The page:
Read Again and Again

Favorite Book(s) that Don’t Get Old (to me)

By Jeff Salter

Topic: What is the one book that you feel you could read over and over without it ever feeling old?

When I noted our topic this week, I had some déjà vu — seems like I often reflect on things I’ve enjoyed in the past… and would likely enjoy again. That could be movies, old TV shows, comic books… and, of course, monographs (fiction or non-fiction). It could be said that I even long for another chance to taste some particular dish or meal (or snack) that I remember fondly!

But to the matter at hand, I also felt like I’d batted this topic around in a previous Hound Day post. So I went hunting. Nothing recent, however. Turns out it was during the very first few months of this group blog’s existence [before any of the CURRENT Foxes joined this group].

I won’t repeat my entire list, but I do encourage you to click on the link to my April 14, 2011 blog, so you can see what I had to say back then.

Since I know some of you won’t bother to click on that link, I’ll lift a couple of paragraphs to re-print here.

Read More Than Once

            I had to strain to come up with even this very small list.

            Harper Lee’s To Kill a Mockingbird — an excellent, powerful book which I’ve read twice (about 10-12 years apart).

            Nathaniel Benchley – father of author Peter Benchley and son of humorist Robert Benchley – wrote the novel which was made into the movie “The Russians are Coming…”.  Titled The Off-Islanders, it’s another book I’ve read twice (some 30+ years apart). Also his novel, A Winter’s Tale …and possibly a third title [Catch a Falling Spy].

            Two times, I’ve read Walker Percy’s second novel, The Last Gentleman.  [Probably about 15 years apart.] I’m about 99% certain I’ve also re-read his first novel, The Moviegoer.

            Though I can’t recall which titles, I know I’ve read at least one or two of Ian Fleming’s James Bond books twice (first as a young teen and later as an adult).

            Notice that all of these re-readings have been at least 10 years later.

Since that earlier compilation, there are a few titles I’ve re-read. One was Bill Bryson’s A Walk In The Woods — though it was not as funny (to me) on the second read.

Another book that I’d LIKE to re-read is Pegasus Bridge, by Stephen Ambrose.

Children’s Books

I touched on this in the earlier blog, but let me repeat that I LOVE children’s books… and enjoy reading / re-reading them even if the kids / grandkids are no longer around. Especially those books with terrific ART in conjunction with imaginative / entertaining texts. I would strain too hard to remember all the titles / authors, but here are a few.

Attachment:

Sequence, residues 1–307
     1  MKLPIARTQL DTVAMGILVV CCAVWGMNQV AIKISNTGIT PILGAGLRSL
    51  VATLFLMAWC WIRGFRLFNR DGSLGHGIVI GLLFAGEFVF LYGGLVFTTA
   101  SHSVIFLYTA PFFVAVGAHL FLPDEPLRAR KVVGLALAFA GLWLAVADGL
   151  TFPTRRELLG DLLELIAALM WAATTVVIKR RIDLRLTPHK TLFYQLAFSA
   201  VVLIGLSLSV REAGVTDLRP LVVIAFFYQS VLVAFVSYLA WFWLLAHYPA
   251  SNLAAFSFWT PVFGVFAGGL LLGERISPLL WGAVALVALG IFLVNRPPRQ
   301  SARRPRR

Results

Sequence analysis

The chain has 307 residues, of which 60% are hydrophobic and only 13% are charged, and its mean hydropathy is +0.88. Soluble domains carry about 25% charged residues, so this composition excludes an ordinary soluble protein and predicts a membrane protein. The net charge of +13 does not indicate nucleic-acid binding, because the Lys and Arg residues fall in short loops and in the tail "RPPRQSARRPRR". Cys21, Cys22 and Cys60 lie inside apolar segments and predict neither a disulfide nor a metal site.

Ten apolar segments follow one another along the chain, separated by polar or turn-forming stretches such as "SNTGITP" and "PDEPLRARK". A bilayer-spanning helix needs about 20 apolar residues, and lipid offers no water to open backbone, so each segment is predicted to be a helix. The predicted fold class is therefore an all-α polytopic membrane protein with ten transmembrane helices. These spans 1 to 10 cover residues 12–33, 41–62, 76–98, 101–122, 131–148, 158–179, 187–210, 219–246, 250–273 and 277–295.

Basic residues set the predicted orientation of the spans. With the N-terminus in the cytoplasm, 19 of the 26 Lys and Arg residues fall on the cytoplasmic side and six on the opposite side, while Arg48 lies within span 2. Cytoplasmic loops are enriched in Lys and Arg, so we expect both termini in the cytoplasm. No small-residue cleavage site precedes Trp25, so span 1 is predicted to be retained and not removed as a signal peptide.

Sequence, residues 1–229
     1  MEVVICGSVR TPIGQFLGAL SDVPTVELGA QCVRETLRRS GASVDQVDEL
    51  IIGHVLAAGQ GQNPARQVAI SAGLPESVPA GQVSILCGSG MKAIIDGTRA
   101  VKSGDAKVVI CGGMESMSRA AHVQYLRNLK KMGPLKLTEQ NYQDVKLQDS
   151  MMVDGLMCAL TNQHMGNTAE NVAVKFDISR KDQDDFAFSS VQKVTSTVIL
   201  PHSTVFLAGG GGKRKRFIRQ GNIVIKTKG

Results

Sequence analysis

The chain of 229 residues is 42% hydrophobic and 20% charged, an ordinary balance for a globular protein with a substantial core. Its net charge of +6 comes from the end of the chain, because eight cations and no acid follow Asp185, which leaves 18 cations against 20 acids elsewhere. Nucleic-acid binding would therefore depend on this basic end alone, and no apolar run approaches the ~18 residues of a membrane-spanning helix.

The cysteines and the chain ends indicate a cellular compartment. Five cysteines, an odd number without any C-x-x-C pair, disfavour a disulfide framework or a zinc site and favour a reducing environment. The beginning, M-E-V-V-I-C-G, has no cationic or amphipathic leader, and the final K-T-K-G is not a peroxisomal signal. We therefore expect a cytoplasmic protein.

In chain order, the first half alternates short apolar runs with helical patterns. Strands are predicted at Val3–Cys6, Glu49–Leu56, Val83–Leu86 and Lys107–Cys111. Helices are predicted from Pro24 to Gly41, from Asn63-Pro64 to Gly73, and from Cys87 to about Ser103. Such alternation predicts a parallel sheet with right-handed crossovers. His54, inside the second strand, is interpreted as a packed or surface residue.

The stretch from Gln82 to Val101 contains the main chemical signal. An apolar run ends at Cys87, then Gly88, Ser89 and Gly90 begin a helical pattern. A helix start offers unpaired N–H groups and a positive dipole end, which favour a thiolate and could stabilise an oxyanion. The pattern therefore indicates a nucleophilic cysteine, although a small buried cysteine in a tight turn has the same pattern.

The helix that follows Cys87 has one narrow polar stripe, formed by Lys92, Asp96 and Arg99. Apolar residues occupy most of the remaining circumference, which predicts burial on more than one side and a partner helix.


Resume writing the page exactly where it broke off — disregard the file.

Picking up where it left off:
Being a public librarian for some 29 years gave me opportunities to re-examine titles which I had read over and over as a child myself (like Ben and Me by Robert Lawson, several from Dr. Seuss, most of the early Disney titles, and many of the ‘Little Golden’ books) and had the added pleasure of reading multiple times to my own children. Several titles of the Berenstain Bears series arrived in time to read to my kids … as did Harry and the Terrible Whatzit by Dick Gackenbach. Some books (like William Joyce’s George Shrinks and Mercer Mayer’s There’s a Nightmare in my Closet) appeared too late for my kids, but have been viable reads for my grand-children.


What about YOU? Do you ever re-read books? Which ones?

[JLS # 628]


About Jeff Salter

Currently writing romantic comedy, screwball comedy, and romantic suspense. Fourteen completed novels and four completed novellas. Working with three royalty publishers: Clean Reads, Dingbat Publishing, & TouchPoint Press/Romance. "Cowboy Out of Time" -- Apr. 2019 /// "Double Down Trouble" -- June 2018 /// "Not Easy Being Android" -- Feb. 2018 /// "Size Matters" -- Oct. 2016 /// "The Duchess of Earl" -- Jul. 2016 /// "Stuck on Cloud Eight" -- Nov. 2015 /// "Pleased to Meet Me" (novella) -- Oct. 2015 /// "One Simple Favor" (novella) -- May 2015 /// "The Ghostess & MISTER Muir" -- Oct. 2014 /// "Scratching the Seven-Month Itch" -- Sept. 2014 /// "Hid Wounded Reb" -- Aug. 2014 /// "Don't Bet On It" (novella) -- April 2014 /// "Curing the Uncommon Man-Cold -- Dec. 2013 /// "Echo Taps" (novella) -- June 2013 /// "Called To Arms Again" -- (a tribute to the greatest generation) -- May 2013 /// "Rescued By That New Guy in Town" -- Oct. 2012 /// "The Overnighter's Secrets" -- May 2012 /// Co-authored two non-fiction books about librarianship (with a royalty publisher), a chapter in another book, and an article in a specialty encyclopedia. Plus several library-related articles and reviews. Also published some 120 poems, about 150 bylined newspaper articles, and some 100 bylined photos. Worked about 30 years in librarianship. Formerly newspaper editor and photo-journalist. Decorated veteran of U.S. Air Force (including a remote ‘tour’ of duty in the Arctic … at Thule AB in N.W. Greenland). Married; father of two; grandfather of six.